Recently, on a Maps training session, my friend asked me about the strange anomaly of the eight levels of the Maslow Hierarchy, according to the version that we refer to, and the way we fit the nine motivators into it. How does that work? he asked. It’s a good question, and important to get to grips with.
To refresh , the eight Maslow levels of need are, from the bottom up: biological and physiological, safety, belonging and love, esteem, cognitive, aesthetic, self-actualisation, and transcendence. These are eight levels of need; and to make things more complex, from the Maps point of view we discount the lowest need. We do this because it is a basic need and not a want. It is not a ‘motivator’ per se, because it lies like a survival instinct at the root of us. Without shelter, food, water, we all enter a state of survivalism in which we lose sight of planning for the future or getting things we want and instead seek the swiftest possible ways to meet our basic needs. There are people who operate at this level of existence: those in extreme poverty, or those in war-torn countries, ghettos, born into crime, prisoners, addicts (who may have food, shelter and water but have created another basic need within themselves which eventually takes over and must be met at all costs). This type of need is so powerful it overrides any other motivator.
Usually, it is not found in business or most organisations; when it is, you have a person who is a game player. The Map may be accurate about their higher motivators, but their survival instinct at level one will render their other wants obsolete or irrelevant – they are in the grip of a more primitive need or emotion. This, bizarrely, creates a complex duplicity, where their survival urge becomes a kind of smokescreen. One would think that a survival instinct would simplify things, and in the case of people genuinely in need it does, of course. But for someone living in the modern world with a job and all their needs met, but yet who is operating at a survival level, the story is very different.
Thus, we now have seven levels in which nine motivators fit! You will know from our diagram that each of the motivators correlates especially with one level of Maslow’s hierarchy. We start, then, with safety needs and this correlates with the Defender motivator. Belonging and love corresponds with the Friend motivator. How we solve the problem is at the esteem need level; for here we suggest that three motivators are involved: the Star motivator, wanting recognition, the Director motivator, wanting control, and the Builder motivator, wanting material possessions. Why should that be?
Two powerful reasons. The first is that if we consider our own wellbeing and our own effectiveness, then self-esteem is invariably considered to be the single important factor. Indeed, Dr Nathaniel Brandon, a foremost authority in this area, said self-esteem is the single most powerful force in our existence: on it everything depends. And he goes on to say: “Of all the judgments we pass in life, none is more important than the judgment we pass on ourselves.” Thus, esteem is core to motivation and wide-ranging; therefore, should it surprise us if more than one motivator fell within its orbit?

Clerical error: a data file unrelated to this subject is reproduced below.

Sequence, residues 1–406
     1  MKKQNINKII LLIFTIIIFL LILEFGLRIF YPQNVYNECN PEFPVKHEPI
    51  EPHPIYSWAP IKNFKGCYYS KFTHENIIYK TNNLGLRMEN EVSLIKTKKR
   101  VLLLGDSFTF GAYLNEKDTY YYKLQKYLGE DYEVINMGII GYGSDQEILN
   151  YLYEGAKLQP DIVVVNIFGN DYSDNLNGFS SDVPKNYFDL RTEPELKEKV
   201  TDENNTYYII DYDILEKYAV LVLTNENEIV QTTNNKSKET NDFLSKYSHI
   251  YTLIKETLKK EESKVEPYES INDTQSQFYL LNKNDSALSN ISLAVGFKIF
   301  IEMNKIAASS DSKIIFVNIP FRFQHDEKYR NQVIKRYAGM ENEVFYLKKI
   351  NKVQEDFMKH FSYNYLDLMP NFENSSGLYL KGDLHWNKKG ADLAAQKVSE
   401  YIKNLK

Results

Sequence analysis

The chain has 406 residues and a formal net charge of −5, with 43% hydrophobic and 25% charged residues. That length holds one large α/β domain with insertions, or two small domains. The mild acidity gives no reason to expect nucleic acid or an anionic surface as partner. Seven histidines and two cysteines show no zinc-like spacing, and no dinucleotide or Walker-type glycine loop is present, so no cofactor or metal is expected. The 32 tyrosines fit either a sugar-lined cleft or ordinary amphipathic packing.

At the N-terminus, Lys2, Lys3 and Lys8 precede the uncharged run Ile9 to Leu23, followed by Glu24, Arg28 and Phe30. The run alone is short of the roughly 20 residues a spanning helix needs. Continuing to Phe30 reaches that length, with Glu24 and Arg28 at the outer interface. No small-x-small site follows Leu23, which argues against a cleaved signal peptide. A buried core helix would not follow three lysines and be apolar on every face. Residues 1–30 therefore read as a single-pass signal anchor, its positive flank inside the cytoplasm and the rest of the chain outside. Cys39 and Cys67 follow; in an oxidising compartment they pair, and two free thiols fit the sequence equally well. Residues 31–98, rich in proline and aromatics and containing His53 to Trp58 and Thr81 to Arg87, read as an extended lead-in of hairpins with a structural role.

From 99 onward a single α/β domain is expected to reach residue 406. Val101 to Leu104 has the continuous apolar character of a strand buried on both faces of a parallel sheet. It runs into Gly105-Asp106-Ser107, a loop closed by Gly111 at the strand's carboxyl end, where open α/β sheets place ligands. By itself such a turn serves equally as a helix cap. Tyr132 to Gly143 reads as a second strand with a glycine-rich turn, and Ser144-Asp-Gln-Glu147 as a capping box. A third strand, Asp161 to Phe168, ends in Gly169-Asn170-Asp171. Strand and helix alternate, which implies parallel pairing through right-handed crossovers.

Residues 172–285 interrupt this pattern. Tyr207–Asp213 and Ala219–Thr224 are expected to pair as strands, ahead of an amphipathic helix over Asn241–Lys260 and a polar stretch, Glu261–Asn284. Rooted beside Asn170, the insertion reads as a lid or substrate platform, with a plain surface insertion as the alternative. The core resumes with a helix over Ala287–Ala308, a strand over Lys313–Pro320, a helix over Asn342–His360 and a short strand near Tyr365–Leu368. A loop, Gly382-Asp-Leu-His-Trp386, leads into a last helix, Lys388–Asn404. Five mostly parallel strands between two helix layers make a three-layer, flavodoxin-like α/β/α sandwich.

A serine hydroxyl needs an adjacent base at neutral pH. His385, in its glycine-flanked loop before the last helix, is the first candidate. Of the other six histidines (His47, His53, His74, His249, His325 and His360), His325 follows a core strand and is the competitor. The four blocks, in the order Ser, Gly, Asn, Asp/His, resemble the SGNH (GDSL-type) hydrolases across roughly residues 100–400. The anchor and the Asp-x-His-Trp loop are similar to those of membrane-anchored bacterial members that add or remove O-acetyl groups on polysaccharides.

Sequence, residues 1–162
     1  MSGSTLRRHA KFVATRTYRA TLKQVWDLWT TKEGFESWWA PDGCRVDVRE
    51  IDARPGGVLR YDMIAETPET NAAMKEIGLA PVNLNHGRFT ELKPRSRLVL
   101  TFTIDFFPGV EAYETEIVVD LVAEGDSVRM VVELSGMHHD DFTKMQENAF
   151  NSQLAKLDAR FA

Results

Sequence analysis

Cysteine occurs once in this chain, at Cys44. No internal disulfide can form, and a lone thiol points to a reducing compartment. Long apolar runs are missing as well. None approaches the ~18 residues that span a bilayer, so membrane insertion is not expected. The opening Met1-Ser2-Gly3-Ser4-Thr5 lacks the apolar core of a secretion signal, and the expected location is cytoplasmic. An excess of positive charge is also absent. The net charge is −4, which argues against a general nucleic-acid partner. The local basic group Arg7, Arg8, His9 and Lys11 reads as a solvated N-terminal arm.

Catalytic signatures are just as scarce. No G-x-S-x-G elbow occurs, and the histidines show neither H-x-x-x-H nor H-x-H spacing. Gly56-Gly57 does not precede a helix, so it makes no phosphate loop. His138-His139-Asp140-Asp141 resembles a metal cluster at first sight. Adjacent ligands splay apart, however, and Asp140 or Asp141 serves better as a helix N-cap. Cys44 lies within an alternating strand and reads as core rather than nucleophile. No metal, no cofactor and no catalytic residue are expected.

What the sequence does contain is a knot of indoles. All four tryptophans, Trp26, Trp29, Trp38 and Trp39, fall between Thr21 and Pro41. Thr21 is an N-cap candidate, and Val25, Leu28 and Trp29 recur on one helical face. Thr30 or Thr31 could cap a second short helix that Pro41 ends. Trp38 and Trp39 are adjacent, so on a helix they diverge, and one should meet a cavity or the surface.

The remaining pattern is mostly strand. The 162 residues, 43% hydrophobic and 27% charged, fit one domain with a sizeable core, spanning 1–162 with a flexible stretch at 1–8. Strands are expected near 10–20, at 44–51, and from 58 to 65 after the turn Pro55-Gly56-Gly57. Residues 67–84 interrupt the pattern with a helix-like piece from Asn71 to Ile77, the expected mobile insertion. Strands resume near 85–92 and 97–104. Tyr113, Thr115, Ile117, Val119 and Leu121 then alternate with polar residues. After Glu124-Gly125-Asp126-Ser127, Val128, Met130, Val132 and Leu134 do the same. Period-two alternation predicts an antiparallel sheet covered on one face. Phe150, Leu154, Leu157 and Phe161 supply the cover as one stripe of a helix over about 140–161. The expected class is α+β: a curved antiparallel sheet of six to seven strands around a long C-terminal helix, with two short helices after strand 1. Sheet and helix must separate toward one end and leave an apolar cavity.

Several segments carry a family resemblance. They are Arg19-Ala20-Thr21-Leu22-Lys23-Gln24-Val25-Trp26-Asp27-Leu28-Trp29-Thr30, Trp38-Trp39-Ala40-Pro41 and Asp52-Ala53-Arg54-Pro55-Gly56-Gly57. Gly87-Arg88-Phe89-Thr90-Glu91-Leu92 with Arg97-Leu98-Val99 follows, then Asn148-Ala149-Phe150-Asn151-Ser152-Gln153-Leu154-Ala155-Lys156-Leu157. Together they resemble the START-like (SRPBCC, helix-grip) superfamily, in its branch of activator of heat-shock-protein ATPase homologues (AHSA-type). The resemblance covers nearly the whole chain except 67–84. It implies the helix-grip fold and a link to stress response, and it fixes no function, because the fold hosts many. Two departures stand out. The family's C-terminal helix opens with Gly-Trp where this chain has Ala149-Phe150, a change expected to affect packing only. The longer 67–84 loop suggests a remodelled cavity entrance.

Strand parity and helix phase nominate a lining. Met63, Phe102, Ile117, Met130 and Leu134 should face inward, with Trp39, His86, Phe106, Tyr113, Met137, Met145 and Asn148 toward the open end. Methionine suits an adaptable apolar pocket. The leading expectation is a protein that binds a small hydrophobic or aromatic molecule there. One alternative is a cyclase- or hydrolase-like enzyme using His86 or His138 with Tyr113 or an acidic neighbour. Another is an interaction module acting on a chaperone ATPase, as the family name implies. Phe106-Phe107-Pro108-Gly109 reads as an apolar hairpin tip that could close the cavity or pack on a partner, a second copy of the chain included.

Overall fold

But the second reason explores terminology. I am of the view that what is meant here by self-esteem is actually the self-concept, which of course incorporates self-esteem, but also more beside. The self-concept has three components: the self-esteem (or how we feel about ourselves), the self-image (or how we see ourselves) and the ideal self (how we want to be in the future).
These three elements or components, then, each have their own motivator as it were. The self-esteem is very much connected to our internal locus of control, and this is related in a sort of inverted way to the Director motivator where we project the control outwards. Similarly, our self-image is about how we see our self and this finds a correlation in the Star motivator where we – projecting outwards – want others to see us in a certain way, to recognise us if you will. Finally, we have the ideal-self that wants to grow, to become, to be successful in the future, and so needs nutrients to do that – in other words, the soil of material possessions that enable this to happen even if one finally becomes a St Francis or a Buddha or a St Thomas Aquinas. I mention these three in particular because they all started from wealthy backgrounds which enabled them finally to eschew material things and transcend; but they started there.
So we see that the fourth level, half way up the hierarchy, is quite pivotal in terms of moving towards self-actualisation and beyond, but also pivotal in motivational terms. The correlation between Motivational Maps and the Maslow model is profound. Understanding both systems can lead to a fuller picture, and deeper insight when interpreting a Maps profile. Both systems recognise that our needs, and motivations, are not fixed points in time. Whilst some might be more dominant than others, circumstance and time change us in significant ways, leading us on a journey – ultimately, I believe, towards the ‘transcendence’ that Maslow spoke of.